The 1960s in Argentina was a time convulsed by profound social, cultural, and political changes. Reflecting on the effect these processes had on the everyday, conceived as the spaces and routines involved in the reproduction of life that vary according to social class, generation, and gender, provides a valuable perspective for studying historical phenomena. It gives substance to and evidences the social nature of personal experience. Through that prism, the study of everyday life will be the gateway to understanding the turbulence produced by cultural effervescence, growing consumerism, the expansion of the media, the problems triggered by economic instability and escalating inflation, and the ruptures caused by political and social radicalization and the rise of repressive violence.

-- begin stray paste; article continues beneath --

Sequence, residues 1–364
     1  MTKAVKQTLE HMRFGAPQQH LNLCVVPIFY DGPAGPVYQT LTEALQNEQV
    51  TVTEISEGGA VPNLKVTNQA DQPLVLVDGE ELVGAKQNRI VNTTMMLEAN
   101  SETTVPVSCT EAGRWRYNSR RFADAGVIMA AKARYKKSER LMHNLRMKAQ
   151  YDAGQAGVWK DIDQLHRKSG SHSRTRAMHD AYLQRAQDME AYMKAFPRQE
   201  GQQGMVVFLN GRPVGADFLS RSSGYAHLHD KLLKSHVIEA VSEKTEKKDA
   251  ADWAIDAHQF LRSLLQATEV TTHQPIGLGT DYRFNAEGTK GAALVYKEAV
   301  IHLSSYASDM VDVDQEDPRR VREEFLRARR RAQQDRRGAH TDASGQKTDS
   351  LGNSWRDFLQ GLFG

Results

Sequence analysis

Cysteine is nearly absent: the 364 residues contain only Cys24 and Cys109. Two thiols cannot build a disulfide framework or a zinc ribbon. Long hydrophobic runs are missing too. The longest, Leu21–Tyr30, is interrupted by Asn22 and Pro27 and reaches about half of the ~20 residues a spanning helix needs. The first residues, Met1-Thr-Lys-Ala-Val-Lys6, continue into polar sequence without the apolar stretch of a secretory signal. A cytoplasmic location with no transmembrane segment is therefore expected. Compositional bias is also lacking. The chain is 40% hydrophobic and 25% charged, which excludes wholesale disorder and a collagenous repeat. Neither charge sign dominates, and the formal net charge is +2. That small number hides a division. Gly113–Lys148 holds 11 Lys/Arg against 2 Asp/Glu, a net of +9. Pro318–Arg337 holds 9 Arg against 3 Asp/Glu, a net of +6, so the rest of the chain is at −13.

In the first half of the 20th century, Uruguay was a relatively educated, democratic, and politically progressive South American country, and women there used old and new media for professional and political ends. Radical, Catholic, and liberal feminist women all utilized print media to promote their views and build support for their respective causes in publications aimed at both female and general audiences. Anarchist feminist María Collazo, for example, edited an important publication, La Batalla, from 1915 to approximately 1927. By the late 1920s, radio was an emerging mass medium, and women activists, journalists, and others sought to make their voices heard, literally and figuratively, on its airwaves. Starting in 1935, those airwaves included Radio Femenina, the first all-woman format radio station in the Western Hemisphere. One of the voices heard on Radio Femenina was Dra. Paulina Luisi, Uruguay’s leading feminist activist, who became a powerful voice of both the Socialist Party and the politics of the Popular Front in the late 1930s and early 1940s.